Conf  Overall
Team W L    W L 
No. 10 Virginia Tech $ 71    103 
No. 15 Florida State  62    93 
No. 11 Miami  53    93 
No. 23 Virginia  53    84 
North Carolina  53    66 
Georgia Tech  44    75 
Clemson  44    65 
NC State  35    56 
Maryland  35    56 
Wake Forest  17    47 
Duke  17    29 
  • $ BCS representative as conference champion
Rankings from AP Poll
2004 Big 12 Conference football standings
Conf  Overall
Team W L    W L 
Northern Division
Colorado xy 44    85 
Iowa State x 44    75 
Nebraska  35    56 
Missouri  35    56 
Kansas  26    47 
Kansas State  26    47 
Southern Division
No. 3 Oklahoma xy$ 80    121 
No. 5 Texas  % 71    111 
Texas A&M  53    75 
No. 18 Texas Tech  53    84 
Oklahoma State  44    75 
Baylor  17    38 
Championship: Oklahoma 42, Colorado 3
  • $ BCS representative as conference champion
  • % BCS at-large representative
  • x Division champion/co-champions
  • y Championship game participant
Rankings from AP Poll
2004 Big East Conference football standings
Conf  Overall
Team W L    W L 
No. 25 Pittsburgh $+ 42    84 
No. 21 Boston College + 42    93 
West Virginia + 42    84 
Syracuse + 42    66 
Connecticut  33    84 
Rutgers  15    47 
Temple  15    29 
  • $ BCS representative as conference champion
  • + Conference co-champions
Rankings from AP Poll
2004 Big Ten Conference football standings
Conf  Overall
Team W L    W L 
No. 8 Iowa + 71    102 
No. 14 Michigan $+ 71    93 
No. 17 Wisconsin  62    93 
Northwestern  53    66 
No. 20 Ohio State  44    84 
Purdue  44    75 
Michigan State  44    57 
Minnesota  35    75 
Penn State  26    47 
Illinois  17    38 
Indiana  17    38 
  • $ BCS representative as conference champion
  • + Conference co-champions
Rankings from AP Poll
2004 Conference USA football standings
Conf  Overall
Team W L    W L 
No. 6 Louisville $ 80    111 
Memphis  53    84 
Southern Miss  53    75 
Cincinnati  53    75 
UAB  53    75 
TCU  35    56 
Tulane  35    56 
South Florida  35    47 
Houston  35    38 
East Carolina  26    29 
Army  26    29 
  • $ Conference champion
Rankings from AP Poll
2004 Mid-American Conference football standings
Conf  Overall
Team W L    W L 
East Division
Miami x 71    85 
Akron  62    65 
Marshall  62    66 
Kent State  44    56 
Ohio  26    47 
Buffalo  26    29 
UCF  08    011 
West Division
Toledo xy$ 71    94 
Northern Illinois x 71    93 
Bowling Green  62    93 
Eastern Michigan  44    47 
Central Michigan  35    47 
Ball State  26    29 
Western Michigan  08    110 
Championship: Toledo 35, Miami 27
  • $ Conference champion
  • x Division champion/co-champions
  • y Championship game participant
2004 Mountain West Conference football standings
Conf  Overall
Team W L    W L 
No. 4 Utah $ 70    120 
New Mexico  52    75 
BYU  43    56 
Wyoming  34    75 
Air Force  34    56 
Colorado State  34    47 
San Diego State  25    47 
UNLV  16    29 
  • $ Conference champion and BCS representative as top non-AQ school to meet automatic qualification criteria
Rankings from AP Poll
2004 Pacific-10 Conference football standings
Conf  Overall
Team W L    W L 
No. 1 USC † $ 80    130 
No. 9 California  71    102 
No. 19 Arizona State  53    93 
Oregon State  53    75 
UCLA  44    66 
Oregon  44    56 
Washington State  35    56 
Stanford  26    47 
Arizona  26    38 
Washington  08    110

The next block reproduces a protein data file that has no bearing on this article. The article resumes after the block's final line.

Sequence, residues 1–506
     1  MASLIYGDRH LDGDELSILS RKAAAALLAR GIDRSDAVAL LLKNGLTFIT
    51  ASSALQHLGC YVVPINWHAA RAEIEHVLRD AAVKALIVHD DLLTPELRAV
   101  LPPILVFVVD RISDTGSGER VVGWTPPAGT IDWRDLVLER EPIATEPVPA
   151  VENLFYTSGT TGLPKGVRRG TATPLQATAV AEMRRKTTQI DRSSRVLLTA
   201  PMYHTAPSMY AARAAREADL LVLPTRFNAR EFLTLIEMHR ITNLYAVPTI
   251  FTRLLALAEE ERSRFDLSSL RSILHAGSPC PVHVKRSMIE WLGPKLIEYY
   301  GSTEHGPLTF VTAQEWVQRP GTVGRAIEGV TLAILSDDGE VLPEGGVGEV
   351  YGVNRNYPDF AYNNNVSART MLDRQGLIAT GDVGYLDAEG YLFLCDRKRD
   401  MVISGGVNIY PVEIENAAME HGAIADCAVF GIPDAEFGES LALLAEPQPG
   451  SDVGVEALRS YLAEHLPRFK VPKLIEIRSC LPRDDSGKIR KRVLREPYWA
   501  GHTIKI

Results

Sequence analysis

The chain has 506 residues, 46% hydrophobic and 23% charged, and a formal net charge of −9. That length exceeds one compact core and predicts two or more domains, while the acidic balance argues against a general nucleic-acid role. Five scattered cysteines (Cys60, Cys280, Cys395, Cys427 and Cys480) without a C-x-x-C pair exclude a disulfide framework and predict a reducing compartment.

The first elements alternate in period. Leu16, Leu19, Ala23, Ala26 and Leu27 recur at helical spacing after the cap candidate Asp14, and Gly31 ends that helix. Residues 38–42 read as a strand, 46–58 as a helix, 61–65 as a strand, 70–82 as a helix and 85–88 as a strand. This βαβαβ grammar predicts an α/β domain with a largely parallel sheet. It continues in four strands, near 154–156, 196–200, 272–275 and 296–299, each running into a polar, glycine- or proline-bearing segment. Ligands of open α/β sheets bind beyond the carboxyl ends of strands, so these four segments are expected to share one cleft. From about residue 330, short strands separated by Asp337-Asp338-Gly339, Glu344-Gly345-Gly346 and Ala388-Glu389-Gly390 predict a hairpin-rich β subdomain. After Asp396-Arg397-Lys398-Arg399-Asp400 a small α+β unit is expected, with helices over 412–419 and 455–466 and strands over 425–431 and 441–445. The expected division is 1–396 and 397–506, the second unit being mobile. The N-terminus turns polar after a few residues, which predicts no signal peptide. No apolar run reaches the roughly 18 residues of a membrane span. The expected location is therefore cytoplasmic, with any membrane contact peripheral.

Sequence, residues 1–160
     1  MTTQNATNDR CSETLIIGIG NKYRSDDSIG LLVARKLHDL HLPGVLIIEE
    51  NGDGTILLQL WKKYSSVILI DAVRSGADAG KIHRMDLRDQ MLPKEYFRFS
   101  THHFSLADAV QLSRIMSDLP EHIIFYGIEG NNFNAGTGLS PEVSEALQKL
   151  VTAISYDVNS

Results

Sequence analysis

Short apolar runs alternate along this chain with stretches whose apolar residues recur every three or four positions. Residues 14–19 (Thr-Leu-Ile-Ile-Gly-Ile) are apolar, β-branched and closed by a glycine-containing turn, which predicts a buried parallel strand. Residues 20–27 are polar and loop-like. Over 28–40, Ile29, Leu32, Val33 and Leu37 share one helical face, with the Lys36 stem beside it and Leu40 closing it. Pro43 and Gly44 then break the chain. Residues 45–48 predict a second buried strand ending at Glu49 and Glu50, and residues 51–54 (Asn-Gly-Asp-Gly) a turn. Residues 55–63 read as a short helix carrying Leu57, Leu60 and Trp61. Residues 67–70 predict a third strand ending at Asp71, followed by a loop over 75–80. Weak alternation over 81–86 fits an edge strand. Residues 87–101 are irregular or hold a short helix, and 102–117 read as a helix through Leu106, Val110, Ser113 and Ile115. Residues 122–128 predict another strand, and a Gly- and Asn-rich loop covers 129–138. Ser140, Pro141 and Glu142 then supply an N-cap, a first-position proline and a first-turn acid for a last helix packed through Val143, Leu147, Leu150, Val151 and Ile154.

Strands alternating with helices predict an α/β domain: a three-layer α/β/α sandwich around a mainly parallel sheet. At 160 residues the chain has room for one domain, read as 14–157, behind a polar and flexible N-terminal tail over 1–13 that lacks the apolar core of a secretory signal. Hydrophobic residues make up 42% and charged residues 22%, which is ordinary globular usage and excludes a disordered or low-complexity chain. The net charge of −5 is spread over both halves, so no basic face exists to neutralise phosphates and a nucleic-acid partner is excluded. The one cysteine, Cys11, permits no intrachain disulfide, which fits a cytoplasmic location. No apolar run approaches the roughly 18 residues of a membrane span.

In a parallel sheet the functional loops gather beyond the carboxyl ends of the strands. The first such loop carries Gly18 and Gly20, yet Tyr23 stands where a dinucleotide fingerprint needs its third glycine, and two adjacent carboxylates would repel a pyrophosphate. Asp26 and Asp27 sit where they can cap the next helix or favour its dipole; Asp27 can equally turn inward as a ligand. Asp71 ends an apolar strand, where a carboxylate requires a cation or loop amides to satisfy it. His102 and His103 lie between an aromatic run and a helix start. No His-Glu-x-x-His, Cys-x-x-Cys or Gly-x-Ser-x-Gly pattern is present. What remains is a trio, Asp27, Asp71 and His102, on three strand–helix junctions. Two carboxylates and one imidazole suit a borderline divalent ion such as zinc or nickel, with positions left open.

• $ Conference champion
  • † – USC later vacated 2 wins (1 in conference), as well as the BCS and Pac-10 Championships, due to NCAA sanctions.
Rankings from AP Poll
2004 SEC football standings
Conf  Overall
Team W L    W L 
Eastern Division
No. 13 Tennessee x 71    103 
No. 7 Georgia  62    102 
Florida  44    75 
South Carolina  44    65 
Kentucky  17    29 
Vanderbilt  17    29 
Western Division
No. 2 Auburn x$ 80    130 
No. 16 LSU  62    93 
Alabama  35    66 
Arkansas  35    56 
Ole Miss  35    47 
Mississippi State  26    38 
Championship: Auburn 38, Tennessee 28
  • $ BCS representative as conference champion
  • x Division champion/co-champions
Rankings from AP Poll
2004 Sun Belt Conference football standings
Conf  Overall
Team W L    W L 
North Texas $ 70    75 
Troy  52    75 
New Mexico State  52    56 
Louisiana–Monroe  43    56 
Middle Tennessee  34    56 
Arkansas State  34    38 
Louisiana–Lafayette  35    47 
Utah State  25    38 
Idaho  25    39 
  • $ Conference champion
2004 Western Athletic Conference football standings
Conf  Overall
Team W L    W L 
No. 12 Boise State $ 80    111 
UTEP  62    84 
No. 22 Fresno State  53    93 
Louisiana Tech  53    66 
Hawaii  44    85 
Nevada  35    57 
Tulsa  35    48 
SMU  35    38 
Rice  26    38 
San Jose State  17    29 
  • $ Conference champion
Rankings from AP Poll
2004 NCAA Division I-A independents football records
Conf  Overall
Team W L    W L 
No. 24 Navy      102 
Notre Dame      66 
Rankings from AP Poll

Final AP Poll

Utah Utes fans rush the field and carry the goalpost after defeating rival BYU, completing a perfect regular season, and becoming the first BCS Buster by clinching a spot in the 2005 Fiesta Bowl (hence the sombrero). UteFansRush.JPG
Utah Utes fans rush the field and carry the goalpost after defeating rival BYU, completing a perfect regular season, and becoming the first BCS Buster by clinching a spot in the 2005 Fiesta Bowl (hence the sombrero).
  1. USC (11–0)*
  2. Auburn (13–0)
  3. Oklahoma (12–1)
  4. Utah (12–0)
  5. Texas (11–1)
  6. Louisville (11–1)
  7. Georgia (10–2)
  8. Iowa (10–2)
  9. California (10–2)
  10. Virginia Tech (10–3)
  11. Miami (9–3)
  12. Boise State (11–1)
  13. Tennessee (10–3)
  14. Michigan (9–3)
  15. Florida State (9–3)
  16. LSU (9–3)
  17. Wisconsin (9–3)
  18. Texas Tech (8–4)
  19. Arizona State (9–3)
  20. Ohio State (8–4)
  21. Boston College (9–3)
  22. Fresno State (9–3)
  23. Virginia (8–4)
  24. Navy (10–2)
  25. Pittsburgh (8–4)

* USC finished the season with a 13–0 record but was forced to vacate two wins in 2010 as a result of NCAA sanctions.

Bowl games

BCS bowls

Rankings given are AP rankings going into bowl games

Other New Years Day bowls

December bowl games

UCLA vs. Wyoming in the 2004 Las Vegas Bowl 2004LVBowl.JPG
UCLA vs. Wyoming in the 2004 Las Vegas Bowl

Heisman Trophy voting

The Heisman Trophy is given annually to college football's most outstanding player

Other major awards

See also